A 9,000-year-old child’s tooth found in a cave near Deering, Alaska, belonged to a “relative of all other Native Americans,” says archaeologist Jeff Rasic. The tooth is the oldest human remains found in the Arctic.
If there’s a partridge in a pear tree, birders in Haines will count it. The Audubon Society’s Christmas Bird Count–a conservationist twist on traditional Christmas hunts–may be the longest running citizen science project in the nation. According to Audbon, Alaskans have participated in the count since before statehood.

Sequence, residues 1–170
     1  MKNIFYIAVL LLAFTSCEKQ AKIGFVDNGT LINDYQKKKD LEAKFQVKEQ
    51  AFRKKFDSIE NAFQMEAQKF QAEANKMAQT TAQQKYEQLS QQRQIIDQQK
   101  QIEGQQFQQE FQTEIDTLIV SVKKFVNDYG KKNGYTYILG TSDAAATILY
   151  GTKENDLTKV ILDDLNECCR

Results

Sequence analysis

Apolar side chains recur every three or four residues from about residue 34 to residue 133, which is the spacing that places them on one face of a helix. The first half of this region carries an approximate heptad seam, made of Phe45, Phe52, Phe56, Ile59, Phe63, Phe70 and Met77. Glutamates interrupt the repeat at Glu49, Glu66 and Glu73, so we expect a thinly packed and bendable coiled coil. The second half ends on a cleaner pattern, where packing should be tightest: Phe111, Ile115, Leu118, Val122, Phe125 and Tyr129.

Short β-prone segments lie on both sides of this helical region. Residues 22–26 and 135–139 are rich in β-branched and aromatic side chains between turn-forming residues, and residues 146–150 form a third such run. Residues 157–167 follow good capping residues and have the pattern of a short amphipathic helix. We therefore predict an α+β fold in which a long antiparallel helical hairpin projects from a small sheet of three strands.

This year’s commercial harvest of chum salmon in Kotzebue Sound was nearly 700,000 fish, breaking a record nearly four decades old. To the south, the value of the commercial salmon catch in Norton Sound was also the highest ever.
Scientists have spent the past few decades catching up to traditional knowledge, documenting scientifically what whale hunters already knew. Like the fact that the whales can smell, and that they can travel under sea ice.
When golden eagles migrate to and from Alaska each year, they have to fly around a huge obstacle: the 16,000-foot peaks of the Wrangell Mountains. Some of the eagles choose a route that skirts the northern edge of the mountains. Others go south. A new study examined how the weather affects which way the eagles fly.